Less money will trickle through to business

The Central Bank of Russia tightens control over the capital adequacy of credit institutions. CBR has put an end to the popular practice of shedding bad assets off the banks’ books. Earlier it has been reported that CBR plans to restrict foreign borrowings by domestic banks. In practice it means less money in the economy.

According to the letter ’On the specifics of valuation of the banks’ risks in relation to the contributions to the closed-end mutual funds’ published yesterday banks must create reserves for the debts transferred to mutual funds, debt collection agencies, or affiliated structures as if the problematic assets were still on their balance sheet.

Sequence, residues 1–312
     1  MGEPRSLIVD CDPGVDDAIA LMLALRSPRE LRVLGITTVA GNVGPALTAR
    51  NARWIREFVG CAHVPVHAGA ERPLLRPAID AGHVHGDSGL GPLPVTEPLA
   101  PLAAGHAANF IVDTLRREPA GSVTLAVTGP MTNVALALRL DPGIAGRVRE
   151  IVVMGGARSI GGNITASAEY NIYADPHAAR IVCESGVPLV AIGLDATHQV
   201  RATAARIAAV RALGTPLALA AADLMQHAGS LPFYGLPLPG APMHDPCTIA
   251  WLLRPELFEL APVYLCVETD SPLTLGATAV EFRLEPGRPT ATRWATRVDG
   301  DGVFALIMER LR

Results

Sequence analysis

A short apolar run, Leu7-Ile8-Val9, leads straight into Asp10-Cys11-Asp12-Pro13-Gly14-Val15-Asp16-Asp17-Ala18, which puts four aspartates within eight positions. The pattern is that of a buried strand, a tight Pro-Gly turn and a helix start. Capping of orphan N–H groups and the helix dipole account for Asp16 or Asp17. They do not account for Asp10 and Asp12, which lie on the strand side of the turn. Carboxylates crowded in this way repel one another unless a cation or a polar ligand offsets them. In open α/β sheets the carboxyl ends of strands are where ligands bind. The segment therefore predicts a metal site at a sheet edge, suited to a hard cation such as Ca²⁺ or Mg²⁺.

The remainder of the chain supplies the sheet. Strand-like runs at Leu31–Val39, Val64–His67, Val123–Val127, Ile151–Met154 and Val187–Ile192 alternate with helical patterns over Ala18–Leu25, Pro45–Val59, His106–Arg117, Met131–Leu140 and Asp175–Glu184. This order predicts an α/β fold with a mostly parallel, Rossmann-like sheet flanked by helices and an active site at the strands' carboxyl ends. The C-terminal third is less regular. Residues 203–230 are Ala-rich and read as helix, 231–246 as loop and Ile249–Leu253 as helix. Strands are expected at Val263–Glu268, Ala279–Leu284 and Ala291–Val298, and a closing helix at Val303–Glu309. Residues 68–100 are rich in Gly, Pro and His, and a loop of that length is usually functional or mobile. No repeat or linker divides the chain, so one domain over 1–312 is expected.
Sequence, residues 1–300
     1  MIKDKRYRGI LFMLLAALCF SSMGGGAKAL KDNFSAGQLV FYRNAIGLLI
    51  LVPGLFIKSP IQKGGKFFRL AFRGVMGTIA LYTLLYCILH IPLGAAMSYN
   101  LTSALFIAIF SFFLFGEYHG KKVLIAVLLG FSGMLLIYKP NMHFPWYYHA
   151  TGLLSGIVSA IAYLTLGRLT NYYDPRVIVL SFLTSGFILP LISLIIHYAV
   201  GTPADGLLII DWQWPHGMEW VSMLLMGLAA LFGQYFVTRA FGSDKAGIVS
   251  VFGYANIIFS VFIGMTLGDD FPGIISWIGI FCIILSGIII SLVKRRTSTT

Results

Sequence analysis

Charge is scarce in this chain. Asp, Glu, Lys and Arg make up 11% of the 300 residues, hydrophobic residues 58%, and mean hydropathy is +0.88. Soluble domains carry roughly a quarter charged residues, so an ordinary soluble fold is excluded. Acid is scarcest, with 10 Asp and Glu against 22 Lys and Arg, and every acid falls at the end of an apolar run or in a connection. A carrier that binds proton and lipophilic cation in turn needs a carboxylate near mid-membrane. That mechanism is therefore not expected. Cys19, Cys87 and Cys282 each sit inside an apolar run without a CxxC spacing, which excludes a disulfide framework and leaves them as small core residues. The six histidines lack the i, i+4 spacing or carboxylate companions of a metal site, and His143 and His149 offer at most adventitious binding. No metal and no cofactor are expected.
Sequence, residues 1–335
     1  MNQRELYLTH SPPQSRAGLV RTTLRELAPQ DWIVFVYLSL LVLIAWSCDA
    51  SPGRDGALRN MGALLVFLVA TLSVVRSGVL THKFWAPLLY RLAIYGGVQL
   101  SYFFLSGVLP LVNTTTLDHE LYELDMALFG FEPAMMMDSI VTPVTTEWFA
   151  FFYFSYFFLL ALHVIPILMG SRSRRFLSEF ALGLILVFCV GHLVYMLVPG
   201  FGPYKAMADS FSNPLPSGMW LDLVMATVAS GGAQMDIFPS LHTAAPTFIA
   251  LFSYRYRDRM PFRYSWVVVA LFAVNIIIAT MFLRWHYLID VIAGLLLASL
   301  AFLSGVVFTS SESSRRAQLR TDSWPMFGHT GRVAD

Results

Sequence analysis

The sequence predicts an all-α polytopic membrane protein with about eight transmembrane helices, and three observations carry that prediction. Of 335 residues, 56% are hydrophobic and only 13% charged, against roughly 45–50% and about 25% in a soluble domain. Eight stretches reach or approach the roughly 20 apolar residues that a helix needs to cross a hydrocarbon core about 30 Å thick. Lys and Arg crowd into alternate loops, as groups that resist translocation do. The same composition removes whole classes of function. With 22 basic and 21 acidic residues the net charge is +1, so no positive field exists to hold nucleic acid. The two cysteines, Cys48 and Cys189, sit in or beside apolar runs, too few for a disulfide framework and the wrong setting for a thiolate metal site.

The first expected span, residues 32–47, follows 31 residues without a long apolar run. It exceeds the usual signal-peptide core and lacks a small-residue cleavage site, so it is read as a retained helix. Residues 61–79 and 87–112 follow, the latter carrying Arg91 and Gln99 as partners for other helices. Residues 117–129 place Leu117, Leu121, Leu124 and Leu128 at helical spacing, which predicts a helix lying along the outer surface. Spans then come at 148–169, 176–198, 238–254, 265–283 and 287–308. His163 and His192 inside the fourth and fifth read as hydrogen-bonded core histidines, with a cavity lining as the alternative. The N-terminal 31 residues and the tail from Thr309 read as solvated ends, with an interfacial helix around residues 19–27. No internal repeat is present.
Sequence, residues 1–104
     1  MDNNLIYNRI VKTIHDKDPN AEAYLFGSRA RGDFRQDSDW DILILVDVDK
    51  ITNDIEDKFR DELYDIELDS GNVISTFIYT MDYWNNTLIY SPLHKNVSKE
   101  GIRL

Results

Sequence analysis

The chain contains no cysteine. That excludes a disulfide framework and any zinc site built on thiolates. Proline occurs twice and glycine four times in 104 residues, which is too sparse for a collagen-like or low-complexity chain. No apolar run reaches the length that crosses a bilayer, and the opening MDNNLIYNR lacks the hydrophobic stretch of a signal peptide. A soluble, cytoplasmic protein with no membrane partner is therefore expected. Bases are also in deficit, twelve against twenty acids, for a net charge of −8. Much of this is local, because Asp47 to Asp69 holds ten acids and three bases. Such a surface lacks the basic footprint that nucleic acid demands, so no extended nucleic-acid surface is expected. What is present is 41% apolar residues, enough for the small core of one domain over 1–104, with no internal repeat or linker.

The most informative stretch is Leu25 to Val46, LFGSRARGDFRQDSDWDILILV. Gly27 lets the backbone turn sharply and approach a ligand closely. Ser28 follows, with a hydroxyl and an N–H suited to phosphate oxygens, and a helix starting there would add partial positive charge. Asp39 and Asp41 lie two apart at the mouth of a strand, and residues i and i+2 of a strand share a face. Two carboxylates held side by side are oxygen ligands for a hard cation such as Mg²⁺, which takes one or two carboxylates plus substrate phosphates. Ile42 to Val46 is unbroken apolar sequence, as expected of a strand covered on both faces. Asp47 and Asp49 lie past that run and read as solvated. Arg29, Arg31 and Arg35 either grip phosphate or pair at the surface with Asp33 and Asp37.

Capital adequacy requirements grew out of the work of the Basel Committee on Banking Supervision and aim to provide a cushion of capital which may protect depositor’s funds in the event of a bank incurring losses.

In order to avoid the trouble of creating reserves and to free cash banks sell bad debts writing them off their records. This practice, it seems, came to an end: they will have to keep 100% of the amount of the problematic assets as a reserve.

Stability of the banking system remains the priority of the Russian government. As Pekka Sutela, from the Bank of Finland said, ‘the Russian financial system is rather a drag than a booster for future growth.’



September 10, 2009